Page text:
School pupils paid a moving tribute last week to 1.5million Jewish children and their family members who were killed during the Holocaust.

Ambassadors and diplomats from six EU countries visited Scoil Chiarain in Glasnevin as the pupils planted a circle of yellow crocuses in a tribute to the yellow star which Jews were forced to wear by Nazis.

Among the visiting delegation was Caryna Camerino from Dublin 15 who described herself as “a third generation Holocaust survivor”.

Caryna, who runs a successful bakery in south Dublin, told the pupils the story of her grandfather Enzo Camerino, an Italian living in Rome who was sent to Auschwitz-Birkenau.

Enzo was rounded up with his parents and his extended family on the night of October 16, 1943 and deported to the concentration camp where most of his family were killed.

He and his brother escaped as prisoners when being marched into a woods towards the end of the war. Enzo returned to Rome, married and eventually emigrated to Canada where he kept his Jewish heritage a secret – even from his children.

He broke his silence to give interviews for the Oscar-winning film Schindler’s List and went on to become a vocal campaigner to tell others what had happened to the Jews.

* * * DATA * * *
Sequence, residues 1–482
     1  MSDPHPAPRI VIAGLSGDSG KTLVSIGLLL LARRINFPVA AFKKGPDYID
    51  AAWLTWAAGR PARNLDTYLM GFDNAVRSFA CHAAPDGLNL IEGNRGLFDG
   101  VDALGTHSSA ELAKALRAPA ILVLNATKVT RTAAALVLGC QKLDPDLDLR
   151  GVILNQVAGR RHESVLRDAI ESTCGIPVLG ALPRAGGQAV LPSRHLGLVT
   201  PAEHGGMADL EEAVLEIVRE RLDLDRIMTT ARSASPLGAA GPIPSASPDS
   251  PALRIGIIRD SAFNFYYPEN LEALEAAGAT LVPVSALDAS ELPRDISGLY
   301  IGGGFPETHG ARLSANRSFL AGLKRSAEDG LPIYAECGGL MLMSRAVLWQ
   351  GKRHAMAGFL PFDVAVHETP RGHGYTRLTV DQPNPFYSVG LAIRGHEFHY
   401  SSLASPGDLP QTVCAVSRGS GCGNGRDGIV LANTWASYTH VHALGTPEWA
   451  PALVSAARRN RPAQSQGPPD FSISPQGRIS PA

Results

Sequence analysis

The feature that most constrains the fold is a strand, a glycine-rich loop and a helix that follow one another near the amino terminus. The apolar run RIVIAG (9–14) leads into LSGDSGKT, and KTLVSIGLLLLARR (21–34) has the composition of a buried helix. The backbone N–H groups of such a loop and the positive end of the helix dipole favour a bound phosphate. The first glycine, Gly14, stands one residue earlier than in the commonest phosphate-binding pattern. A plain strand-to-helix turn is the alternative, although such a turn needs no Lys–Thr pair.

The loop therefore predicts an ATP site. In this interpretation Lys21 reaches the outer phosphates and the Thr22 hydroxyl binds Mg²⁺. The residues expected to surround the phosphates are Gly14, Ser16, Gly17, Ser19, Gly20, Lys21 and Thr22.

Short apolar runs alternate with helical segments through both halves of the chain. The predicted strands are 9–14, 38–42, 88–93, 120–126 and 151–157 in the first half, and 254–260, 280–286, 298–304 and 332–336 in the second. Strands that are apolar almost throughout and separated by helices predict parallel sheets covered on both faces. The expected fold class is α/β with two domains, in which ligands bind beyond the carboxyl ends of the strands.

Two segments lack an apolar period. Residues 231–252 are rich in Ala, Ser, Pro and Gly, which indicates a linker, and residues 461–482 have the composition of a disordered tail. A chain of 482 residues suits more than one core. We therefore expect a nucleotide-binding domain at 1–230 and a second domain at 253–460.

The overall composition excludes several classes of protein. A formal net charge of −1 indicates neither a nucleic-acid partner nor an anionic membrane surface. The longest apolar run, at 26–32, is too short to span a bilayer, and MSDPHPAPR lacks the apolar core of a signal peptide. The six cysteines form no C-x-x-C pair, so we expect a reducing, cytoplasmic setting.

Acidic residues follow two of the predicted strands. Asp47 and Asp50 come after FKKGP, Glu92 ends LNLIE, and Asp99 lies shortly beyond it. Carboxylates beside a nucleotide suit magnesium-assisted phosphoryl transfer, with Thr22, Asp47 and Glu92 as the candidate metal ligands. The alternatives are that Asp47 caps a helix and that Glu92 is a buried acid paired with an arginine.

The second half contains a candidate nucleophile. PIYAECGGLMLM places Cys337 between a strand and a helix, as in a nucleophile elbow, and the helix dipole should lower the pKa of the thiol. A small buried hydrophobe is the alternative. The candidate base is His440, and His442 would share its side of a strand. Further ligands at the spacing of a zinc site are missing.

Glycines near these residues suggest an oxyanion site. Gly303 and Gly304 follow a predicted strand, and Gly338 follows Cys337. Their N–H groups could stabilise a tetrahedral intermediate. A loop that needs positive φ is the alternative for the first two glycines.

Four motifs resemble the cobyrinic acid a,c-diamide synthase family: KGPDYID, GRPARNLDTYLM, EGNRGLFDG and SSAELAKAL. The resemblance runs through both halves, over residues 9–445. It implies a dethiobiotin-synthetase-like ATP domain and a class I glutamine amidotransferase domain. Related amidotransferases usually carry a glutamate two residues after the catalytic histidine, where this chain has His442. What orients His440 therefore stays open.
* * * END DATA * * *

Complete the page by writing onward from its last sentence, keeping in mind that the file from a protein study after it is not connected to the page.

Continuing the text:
Caryna moved to Dublin 15 years ago and shares her family’s experiences whenever she can.

Scoil Chiarain is a school for children with learning disabilities and the students were told how people with disabilities were among the first victims of the Nazis.

The Crocus Project sees the Holocaust Education Trust provide yellow-flowering crocus bulbs for young people and school pupils aged 11 and over.

The Irish initiative has grown from 6,000 participants in its first year to over 110,000 school children across 12 EU countries expected to participate this year.

The crocus blooms at the end of January – around the time of Holocaust Memorial Day, on January 27.